High Five

Lindi Ortega’s music city

Lindi Ortega’s perception of Nashville, before she moved there almost two years ago, was decidedly time-warped, like something out of a movie.

“Somehow in my mind I thought it was going to be an old, dusty Western town with cowboys everywhere and Dolly Parton singing in the parade down the street,” she says. “Yeah, it was quite different than that.”

Even then, it has still inspired Ortega, a rising Canadian singer-songwriter who’s a little bit country and a little bit rock ’n’ roll. “Tin Star,” her superb new album, is largely about trying to make a name for herself in that fabled music city.


We asked Ortega, who comes to Cafe 939 on Tuesday, to tell us five reasons why she decided to make Nashville home.

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1. Musical history “Of course, all the greats in country music have gone through Nashville or live in Nashville – or pissed Nashville off. There’s a lot of history to take in here.”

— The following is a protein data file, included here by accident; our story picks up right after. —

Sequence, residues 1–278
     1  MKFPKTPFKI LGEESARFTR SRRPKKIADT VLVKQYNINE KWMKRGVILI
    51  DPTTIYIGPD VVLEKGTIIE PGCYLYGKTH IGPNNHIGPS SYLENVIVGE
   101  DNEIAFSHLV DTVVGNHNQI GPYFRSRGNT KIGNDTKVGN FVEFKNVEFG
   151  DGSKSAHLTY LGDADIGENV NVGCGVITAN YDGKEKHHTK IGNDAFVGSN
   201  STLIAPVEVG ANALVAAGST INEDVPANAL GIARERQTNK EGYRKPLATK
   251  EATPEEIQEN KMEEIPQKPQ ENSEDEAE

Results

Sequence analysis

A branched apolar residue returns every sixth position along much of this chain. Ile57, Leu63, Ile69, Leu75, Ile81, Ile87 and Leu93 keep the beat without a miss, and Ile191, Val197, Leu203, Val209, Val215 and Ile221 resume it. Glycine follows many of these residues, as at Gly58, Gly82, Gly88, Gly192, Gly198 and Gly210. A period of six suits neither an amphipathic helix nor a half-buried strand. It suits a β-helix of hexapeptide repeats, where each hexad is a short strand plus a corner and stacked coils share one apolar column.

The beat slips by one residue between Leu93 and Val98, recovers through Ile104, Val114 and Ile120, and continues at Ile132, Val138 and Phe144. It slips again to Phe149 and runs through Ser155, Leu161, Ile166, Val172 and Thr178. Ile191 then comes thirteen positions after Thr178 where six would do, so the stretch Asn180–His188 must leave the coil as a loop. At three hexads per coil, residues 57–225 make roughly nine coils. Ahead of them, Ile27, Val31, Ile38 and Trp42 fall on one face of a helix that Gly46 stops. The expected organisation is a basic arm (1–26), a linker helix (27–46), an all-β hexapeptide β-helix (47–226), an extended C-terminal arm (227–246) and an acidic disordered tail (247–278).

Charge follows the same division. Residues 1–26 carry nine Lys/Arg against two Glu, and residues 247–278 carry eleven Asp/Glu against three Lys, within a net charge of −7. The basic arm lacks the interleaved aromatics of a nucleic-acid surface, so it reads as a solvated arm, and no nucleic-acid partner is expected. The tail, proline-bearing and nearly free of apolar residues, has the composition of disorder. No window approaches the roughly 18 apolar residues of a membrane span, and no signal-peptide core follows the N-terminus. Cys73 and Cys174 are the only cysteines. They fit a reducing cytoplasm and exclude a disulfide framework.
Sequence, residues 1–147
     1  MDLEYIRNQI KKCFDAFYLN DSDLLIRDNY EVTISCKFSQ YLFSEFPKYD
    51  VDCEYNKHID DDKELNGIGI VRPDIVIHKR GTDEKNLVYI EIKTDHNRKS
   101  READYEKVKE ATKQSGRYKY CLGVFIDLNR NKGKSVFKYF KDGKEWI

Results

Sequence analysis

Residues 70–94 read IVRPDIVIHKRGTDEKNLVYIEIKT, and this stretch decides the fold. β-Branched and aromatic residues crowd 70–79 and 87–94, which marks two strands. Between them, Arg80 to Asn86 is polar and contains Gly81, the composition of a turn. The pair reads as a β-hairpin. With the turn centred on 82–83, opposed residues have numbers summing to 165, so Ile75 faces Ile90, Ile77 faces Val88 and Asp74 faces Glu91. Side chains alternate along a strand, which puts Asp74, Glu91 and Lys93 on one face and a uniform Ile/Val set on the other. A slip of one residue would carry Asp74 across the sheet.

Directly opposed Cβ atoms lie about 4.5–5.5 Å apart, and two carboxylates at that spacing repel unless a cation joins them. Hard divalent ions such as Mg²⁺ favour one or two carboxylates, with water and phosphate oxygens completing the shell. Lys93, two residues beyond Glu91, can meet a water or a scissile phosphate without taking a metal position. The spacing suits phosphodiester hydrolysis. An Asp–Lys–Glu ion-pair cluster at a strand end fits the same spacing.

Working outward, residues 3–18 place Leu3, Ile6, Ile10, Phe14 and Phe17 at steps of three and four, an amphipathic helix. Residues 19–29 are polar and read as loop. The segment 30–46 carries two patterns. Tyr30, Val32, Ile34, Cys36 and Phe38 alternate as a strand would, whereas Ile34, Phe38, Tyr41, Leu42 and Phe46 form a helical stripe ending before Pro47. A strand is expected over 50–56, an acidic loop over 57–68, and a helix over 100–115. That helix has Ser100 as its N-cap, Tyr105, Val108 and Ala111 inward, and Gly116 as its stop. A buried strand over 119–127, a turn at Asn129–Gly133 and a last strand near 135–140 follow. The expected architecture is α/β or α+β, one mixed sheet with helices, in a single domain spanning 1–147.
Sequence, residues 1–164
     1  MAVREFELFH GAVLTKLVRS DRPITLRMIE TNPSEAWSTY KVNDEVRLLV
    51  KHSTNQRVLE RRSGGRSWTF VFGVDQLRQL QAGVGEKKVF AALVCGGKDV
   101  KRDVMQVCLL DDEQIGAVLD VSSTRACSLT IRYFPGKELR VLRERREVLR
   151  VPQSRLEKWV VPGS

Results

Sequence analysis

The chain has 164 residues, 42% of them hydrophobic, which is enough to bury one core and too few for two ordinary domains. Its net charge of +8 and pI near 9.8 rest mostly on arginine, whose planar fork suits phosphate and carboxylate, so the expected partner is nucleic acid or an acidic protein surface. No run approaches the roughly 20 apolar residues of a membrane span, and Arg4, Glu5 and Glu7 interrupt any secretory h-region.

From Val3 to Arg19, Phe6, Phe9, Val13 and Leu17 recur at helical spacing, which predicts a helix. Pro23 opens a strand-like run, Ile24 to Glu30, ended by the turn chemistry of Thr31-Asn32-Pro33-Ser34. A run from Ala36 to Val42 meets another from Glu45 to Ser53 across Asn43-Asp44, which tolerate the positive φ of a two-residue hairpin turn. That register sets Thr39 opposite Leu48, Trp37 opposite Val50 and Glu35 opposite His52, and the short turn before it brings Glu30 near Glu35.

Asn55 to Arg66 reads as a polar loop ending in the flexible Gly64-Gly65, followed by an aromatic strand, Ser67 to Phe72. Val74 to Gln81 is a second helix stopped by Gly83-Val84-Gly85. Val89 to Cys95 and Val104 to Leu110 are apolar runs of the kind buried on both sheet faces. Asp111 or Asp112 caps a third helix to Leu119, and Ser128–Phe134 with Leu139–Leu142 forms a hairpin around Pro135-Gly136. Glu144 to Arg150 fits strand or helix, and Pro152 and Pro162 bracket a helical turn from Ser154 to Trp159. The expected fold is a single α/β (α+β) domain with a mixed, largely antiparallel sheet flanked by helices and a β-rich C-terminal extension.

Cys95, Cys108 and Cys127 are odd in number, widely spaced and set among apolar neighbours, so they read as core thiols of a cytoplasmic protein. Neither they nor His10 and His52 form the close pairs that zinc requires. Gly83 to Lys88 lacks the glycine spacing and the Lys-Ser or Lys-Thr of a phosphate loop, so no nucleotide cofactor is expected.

2. The draw of the South “I think that’s an extension of my childhood [in Toronto]. My mom was a country-music fan and into Southern things. Nashville had a Southern charm, and I needed to be there.”

3. The food “I discovered the meat and three, which is a Southern thing. You go to these places, which are only open from, like, 10 to 3 in the afternoon. You pick out your meat, which is your main dish, and you pick your three sides, which are all down-home Southern dishes – mashed potatoes, grits, mac ’n’ cheese, fried green tomatoes. It’s a good place for a foodie.”

4. The music “There’s a constant influx of music happening, so there’s constant inspiration. I can go out anytime I want to see who’s out and about.”


5. Productivity “It’s a great place for me to be productive. When I come home from tour, my friends in the music business are constantly writing and in the studio. So while I might be inclined to sit in a onesie, eating Cheerios and watching reruns of ‘Friends,’ I see what they’re doing and it kicks my butt into writing songs.”


Lindi Ortega performs at Cafe 939 on Tuesday, 8 p.m. Tickets: $12. 617-747-2261,

James Reed can be reached at